Range. - North America, east of the Plains and from Labrador to the Gulf of Mexico; winters through Mexico to northern South America.
The Nighthawk or some of its sub-species is found in nearly all parts of North America, its habits being the same in all localities. It is of the same size as the Whip-poor-will, from which species it can readily be distinguished by its lack of mouth bristles, forked tail with a white band near the end, and the white band across the primaries, the latter mark showing very plainly during flight. Besides in the country, they are very common in cities, where they will be seen any summer day towards dusk flying, skimming, sailing, and swooping over the tops of the buildings, upon the gravel roofs on which they often lay their eggs. They nest generally on rocky hillsides or in open woods, laying their two eggs upon the top of a flat rock. The eggs are a grayish white color, marbled, blotched and spotted with darker shades of gray. Size 1.20 x .85.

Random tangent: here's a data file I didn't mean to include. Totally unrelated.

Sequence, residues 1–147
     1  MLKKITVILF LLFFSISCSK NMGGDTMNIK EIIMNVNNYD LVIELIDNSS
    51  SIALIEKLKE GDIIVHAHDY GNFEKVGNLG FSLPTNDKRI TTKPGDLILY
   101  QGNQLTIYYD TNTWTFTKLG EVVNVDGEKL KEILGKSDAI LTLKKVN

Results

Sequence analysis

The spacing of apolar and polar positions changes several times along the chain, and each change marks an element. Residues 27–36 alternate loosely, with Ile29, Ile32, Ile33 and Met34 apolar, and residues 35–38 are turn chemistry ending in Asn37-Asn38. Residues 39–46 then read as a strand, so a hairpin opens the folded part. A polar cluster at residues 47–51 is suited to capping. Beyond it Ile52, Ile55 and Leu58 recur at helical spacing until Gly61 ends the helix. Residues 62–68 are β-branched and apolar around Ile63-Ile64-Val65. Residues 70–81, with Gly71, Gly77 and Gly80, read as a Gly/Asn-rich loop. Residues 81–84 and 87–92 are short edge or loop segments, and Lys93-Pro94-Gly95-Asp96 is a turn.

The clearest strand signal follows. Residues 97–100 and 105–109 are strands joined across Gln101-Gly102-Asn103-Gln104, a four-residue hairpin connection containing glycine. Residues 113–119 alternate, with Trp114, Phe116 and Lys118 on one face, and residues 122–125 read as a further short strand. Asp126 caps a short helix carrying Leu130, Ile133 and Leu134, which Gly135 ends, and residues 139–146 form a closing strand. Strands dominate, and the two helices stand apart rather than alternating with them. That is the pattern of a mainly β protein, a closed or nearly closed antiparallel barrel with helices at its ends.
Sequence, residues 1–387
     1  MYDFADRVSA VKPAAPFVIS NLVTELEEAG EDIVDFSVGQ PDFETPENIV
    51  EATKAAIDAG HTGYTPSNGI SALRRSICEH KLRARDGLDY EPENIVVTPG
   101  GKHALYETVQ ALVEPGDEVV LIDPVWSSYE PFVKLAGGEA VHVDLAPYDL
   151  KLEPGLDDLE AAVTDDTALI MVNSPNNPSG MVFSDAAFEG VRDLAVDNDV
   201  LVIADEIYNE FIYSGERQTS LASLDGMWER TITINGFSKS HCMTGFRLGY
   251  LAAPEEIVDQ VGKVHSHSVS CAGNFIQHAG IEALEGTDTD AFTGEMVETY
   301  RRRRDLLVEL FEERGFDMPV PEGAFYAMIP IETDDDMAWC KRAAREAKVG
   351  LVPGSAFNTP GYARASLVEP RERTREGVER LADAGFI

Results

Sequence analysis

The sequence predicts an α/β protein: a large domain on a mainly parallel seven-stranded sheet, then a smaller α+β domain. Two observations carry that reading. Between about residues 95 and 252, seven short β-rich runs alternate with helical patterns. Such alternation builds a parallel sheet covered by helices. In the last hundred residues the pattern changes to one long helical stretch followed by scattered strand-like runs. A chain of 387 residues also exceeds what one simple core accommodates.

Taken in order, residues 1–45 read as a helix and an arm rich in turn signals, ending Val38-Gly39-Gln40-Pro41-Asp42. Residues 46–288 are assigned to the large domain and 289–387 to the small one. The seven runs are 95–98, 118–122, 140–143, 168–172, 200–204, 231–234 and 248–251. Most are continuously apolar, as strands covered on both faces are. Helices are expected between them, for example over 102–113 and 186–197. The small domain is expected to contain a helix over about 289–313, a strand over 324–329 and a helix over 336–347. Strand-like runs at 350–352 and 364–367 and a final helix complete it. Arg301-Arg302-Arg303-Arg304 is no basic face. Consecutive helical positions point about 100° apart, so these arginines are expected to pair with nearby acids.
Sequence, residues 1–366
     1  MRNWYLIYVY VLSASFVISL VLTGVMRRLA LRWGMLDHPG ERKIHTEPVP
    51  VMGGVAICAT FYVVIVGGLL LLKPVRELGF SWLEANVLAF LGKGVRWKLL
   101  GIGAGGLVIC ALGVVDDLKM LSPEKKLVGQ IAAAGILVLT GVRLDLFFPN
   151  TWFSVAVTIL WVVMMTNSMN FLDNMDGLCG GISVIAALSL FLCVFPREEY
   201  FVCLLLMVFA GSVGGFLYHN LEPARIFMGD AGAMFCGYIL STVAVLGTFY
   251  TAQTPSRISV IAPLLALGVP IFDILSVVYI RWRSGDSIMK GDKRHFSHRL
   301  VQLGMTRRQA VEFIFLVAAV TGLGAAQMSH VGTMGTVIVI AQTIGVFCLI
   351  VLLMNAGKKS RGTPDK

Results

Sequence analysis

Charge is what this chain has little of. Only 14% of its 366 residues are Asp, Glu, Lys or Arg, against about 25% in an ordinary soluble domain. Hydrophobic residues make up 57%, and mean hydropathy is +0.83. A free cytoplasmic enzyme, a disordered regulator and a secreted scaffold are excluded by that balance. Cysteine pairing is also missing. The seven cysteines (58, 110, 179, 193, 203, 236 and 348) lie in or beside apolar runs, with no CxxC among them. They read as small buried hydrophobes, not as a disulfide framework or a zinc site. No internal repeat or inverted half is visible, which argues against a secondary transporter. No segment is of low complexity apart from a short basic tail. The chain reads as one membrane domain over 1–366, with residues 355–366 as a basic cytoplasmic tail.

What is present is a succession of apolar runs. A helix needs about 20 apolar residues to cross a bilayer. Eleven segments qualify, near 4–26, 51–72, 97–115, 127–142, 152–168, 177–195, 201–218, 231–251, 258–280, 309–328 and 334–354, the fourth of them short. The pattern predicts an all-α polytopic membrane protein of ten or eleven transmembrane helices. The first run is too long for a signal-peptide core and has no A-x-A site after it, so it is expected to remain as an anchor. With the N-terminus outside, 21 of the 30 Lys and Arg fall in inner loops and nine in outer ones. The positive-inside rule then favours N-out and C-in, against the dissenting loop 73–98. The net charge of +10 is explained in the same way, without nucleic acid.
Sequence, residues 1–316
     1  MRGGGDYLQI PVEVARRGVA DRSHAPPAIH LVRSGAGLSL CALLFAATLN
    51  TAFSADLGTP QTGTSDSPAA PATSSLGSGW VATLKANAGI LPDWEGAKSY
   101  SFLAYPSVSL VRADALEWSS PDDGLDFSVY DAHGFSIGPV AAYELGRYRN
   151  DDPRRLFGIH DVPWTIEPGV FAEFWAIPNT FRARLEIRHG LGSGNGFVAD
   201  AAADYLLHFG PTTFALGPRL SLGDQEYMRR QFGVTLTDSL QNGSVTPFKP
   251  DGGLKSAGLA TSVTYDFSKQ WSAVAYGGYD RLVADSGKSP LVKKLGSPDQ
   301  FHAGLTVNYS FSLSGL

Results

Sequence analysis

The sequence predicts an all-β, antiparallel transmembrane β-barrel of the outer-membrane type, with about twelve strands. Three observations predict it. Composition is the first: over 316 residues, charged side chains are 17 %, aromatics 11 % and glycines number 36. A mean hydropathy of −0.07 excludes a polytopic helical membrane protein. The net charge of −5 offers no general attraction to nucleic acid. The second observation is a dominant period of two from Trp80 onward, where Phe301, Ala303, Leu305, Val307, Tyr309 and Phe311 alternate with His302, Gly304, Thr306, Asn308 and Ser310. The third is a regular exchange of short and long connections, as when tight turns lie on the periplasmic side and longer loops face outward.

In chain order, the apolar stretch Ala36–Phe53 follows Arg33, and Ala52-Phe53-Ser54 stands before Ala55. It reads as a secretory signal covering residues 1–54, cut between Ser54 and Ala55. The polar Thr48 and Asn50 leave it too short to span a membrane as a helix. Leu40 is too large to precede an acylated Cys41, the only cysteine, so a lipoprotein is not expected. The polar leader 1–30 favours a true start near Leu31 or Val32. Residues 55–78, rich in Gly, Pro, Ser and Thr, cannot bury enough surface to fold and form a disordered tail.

Range. - United States west of the Plains.
A similar bird to the preceding, but with plumage somewhat more rusty. It frequents the more open portions of the country in its range, its habits and nesting habits being the same as others of the former species; the eggs average a trifle lighter in color.
Range. - A smaller and paler form found in Florida and along the Gulf coast. No difference can be observed in the nesting habits of this as compared with the northern form and the eggs are indistinguishable.
J. E. Seebold NEST AND EGGS OF NIGHTHAWK-.
420 - 421
Range. - A very pale species with little or no tawny; found in the Great Plains from Texas north to the Saskatchewan; winters south of the United States.